Obviously, art-related professions have democratized, and this feeling is very noticeable in music in particular. Having made a song with a beat from the internet is super common now. I don’t think it’s bad at all. Everyone is free to do what they want, and I really believe in anyone who dedicates time and love to it. On the other hand, I think songs will drift towards a shorter and shorter format that’s pleasurable, like a sniff of poppers, and a counter-response will be generated, as with everything,

I have been able to attend several of your live shows, and I want to know a little more about your way of building them. We have seen visuals of all kinds, from live shows on Zoom to appearances from Rusowsky and Tristan. How do you prepare them, and where do you get the ideas?

I really don’t know. I don’t think I have to be the one to answer that question, maybe because of the experience and the amount of sensations and emotional stages you go through. It takes you to places, takes you out of them, introduces you to characters you identify with, brings back memories. It’s like looking back at a photo to remember an era or a person. I don’t know. As for the live shows, we try to introduce elements that don’t belong to that field, resources to interact with the audience and amplify the experience and arrangements that add a point to the live song while respecting the original version

In your concerts you wear a kind of transparent mask, and your style has a lot of personality. What is the place of fashion in your projects? Do you pay attention to any specific designer? Do you have specific references?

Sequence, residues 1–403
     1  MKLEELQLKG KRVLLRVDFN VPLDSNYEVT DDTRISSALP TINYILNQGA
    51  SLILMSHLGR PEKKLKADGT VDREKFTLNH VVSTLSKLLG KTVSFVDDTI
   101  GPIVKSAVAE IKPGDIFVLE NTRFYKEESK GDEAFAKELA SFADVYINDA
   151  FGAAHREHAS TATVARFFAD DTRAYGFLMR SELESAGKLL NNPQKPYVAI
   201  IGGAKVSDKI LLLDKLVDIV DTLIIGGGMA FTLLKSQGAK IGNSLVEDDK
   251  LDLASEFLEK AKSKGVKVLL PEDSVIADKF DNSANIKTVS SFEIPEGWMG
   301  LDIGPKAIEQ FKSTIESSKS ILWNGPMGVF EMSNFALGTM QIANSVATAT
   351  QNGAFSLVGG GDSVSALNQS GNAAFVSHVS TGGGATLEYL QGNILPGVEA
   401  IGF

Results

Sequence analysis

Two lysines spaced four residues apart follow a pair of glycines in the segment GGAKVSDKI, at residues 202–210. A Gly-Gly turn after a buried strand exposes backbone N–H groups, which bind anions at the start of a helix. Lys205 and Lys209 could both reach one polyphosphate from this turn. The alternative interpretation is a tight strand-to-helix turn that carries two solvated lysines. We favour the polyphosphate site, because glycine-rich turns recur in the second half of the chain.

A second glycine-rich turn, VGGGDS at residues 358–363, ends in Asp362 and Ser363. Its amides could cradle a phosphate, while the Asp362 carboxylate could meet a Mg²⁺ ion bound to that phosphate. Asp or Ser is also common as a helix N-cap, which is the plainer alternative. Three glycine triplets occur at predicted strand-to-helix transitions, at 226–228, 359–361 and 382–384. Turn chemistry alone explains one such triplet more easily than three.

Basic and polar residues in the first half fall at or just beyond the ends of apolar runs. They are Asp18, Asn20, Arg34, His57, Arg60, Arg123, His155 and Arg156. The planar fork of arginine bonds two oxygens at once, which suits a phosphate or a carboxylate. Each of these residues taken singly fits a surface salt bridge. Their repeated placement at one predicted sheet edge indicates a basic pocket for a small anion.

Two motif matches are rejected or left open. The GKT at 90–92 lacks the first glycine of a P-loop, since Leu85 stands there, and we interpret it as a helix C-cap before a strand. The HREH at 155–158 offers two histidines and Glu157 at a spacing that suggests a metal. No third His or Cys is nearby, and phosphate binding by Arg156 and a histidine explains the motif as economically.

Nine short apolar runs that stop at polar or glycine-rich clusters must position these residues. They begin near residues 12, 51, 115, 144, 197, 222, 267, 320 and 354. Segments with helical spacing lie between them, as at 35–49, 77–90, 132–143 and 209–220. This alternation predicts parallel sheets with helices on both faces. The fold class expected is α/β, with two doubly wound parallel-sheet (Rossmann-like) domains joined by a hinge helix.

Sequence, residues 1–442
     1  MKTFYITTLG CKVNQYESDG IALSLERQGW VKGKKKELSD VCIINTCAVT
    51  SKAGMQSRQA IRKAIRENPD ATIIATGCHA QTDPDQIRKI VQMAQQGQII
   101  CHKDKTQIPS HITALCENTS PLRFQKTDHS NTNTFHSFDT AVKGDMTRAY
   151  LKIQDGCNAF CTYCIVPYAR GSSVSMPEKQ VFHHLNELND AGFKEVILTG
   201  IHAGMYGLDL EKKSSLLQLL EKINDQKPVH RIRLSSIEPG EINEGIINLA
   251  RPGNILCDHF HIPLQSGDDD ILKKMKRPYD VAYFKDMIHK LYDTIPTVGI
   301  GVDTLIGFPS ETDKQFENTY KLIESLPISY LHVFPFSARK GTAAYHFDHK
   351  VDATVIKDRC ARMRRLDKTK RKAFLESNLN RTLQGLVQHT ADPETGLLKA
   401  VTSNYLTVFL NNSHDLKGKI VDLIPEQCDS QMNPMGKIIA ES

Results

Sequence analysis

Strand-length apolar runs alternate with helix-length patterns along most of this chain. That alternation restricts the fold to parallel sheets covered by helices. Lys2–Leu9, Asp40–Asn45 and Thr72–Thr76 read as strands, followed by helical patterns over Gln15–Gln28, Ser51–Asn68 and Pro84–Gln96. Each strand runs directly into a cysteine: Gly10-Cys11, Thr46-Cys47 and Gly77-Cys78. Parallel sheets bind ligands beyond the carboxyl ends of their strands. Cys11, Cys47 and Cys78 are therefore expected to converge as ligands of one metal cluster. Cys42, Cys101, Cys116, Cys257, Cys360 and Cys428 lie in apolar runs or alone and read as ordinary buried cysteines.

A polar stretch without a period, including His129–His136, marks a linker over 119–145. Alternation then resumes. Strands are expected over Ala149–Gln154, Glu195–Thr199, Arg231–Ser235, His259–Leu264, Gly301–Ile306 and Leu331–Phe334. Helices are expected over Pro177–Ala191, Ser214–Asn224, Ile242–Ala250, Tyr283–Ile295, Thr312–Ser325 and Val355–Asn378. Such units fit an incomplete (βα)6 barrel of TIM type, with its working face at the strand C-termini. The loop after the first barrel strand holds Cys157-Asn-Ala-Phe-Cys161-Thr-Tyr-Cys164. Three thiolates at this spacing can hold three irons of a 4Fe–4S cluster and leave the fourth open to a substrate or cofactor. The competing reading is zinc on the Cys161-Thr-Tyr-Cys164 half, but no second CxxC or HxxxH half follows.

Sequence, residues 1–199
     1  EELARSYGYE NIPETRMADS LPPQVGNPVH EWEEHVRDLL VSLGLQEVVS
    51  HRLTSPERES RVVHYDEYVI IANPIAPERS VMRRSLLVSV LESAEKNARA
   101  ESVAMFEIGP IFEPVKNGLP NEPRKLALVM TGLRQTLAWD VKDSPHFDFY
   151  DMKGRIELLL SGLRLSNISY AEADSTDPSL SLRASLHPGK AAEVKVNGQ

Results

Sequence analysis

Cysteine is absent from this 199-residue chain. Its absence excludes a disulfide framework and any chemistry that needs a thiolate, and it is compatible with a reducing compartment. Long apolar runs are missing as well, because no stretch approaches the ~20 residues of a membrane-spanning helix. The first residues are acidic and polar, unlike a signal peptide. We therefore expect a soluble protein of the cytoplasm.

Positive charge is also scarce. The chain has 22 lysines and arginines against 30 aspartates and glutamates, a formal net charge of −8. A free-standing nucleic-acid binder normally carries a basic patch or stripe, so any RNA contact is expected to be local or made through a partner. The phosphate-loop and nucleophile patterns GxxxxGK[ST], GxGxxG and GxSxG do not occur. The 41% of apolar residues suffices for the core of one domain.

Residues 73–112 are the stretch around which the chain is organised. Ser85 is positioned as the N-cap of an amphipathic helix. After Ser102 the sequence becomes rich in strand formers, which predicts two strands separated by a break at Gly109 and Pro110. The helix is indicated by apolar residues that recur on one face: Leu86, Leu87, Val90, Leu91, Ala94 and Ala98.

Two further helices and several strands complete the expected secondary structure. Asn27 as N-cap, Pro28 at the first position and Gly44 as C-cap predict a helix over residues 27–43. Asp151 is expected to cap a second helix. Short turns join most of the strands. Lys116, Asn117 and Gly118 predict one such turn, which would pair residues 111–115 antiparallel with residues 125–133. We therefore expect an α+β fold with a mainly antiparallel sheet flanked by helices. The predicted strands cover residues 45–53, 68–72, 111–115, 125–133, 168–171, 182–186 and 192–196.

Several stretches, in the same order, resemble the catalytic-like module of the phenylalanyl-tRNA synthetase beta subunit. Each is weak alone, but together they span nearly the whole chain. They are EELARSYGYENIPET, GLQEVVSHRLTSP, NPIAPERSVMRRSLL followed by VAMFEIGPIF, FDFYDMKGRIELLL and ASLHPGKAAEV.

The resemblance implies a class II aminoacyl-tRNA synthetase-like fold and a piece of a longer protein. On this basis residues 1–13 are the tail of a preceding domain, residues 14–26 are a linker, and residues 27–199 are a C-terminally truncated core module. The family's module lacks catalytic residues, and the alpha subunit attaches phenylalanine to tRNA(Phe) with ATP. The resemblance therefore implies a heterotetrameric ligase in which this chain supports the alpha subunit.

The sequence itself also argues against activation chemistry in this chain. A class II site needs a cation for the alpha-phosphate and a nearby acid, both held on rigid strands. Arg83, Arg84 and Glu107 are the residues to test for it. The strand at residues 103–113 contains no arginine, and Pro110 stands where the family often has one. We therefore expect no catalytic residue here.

It occupies a super important place. I’ve always been interested in fashion and aesthetics, playing with having another identity to inspire and create sensations of any kind. I have a special devotion lately for the masks and hiding the identity that lies behind. I also think that we are not something static, but a process. This is influenced in the way we express ourselves through changing the outermost layer we have. Now I’m wearing a lot of Bikkembergs and Marithé + François Girbaud.

I have to ask you about “Dolores,” the song you did with Rusowsky, which is a real anthem. It’s been several years since the release of that song. Where does its magic lie, and what relationship do you both have with that acclaimed song?

It is the first song we did together, and we’re affectionate about uniting to make it. But things change. Tastes change, and we see it with different eyes.

Since we mentioned Rusowsky, you maintain a great friendship with him, Mori and Tristan. How important is your relationship with them and how they influence your music?

Well, they have influenced me enormously. I assure you that I wouldn’t make the music I make or focus on the details I do if it weren’t for everything they have taught me. We are partners in life and in our profession, and we all get involved in each other’s projects.

Photography and direction: Pablo Mas
Creative and movement direction: Muriel Seiquer
Art direction: Marta Ochoa, Yosi Negrin
Post-production: Pablo Rivera Gento
Styling: Jon Mikel del Valle
Makeup: Hugo Trix
Makeup assistant: Laura Romojaro
Hair: Gorka Larcan
Hair assistant: Brais García Martínez
Lighting: Claudio Oca
Production: @paubelr, Xabier Fernán
Casting: Celeste Casting
Cast: Seju and Xiandong Sun via Uno Models, Layla Novas via Salvador Agency, Terese Aguado, Adassa Navarro, Sun Weihang via Zerek Studio, Marlon via Isla Management
Commissioner: PBM
Special thanks: RUSIAIDK,
Manuel Jubera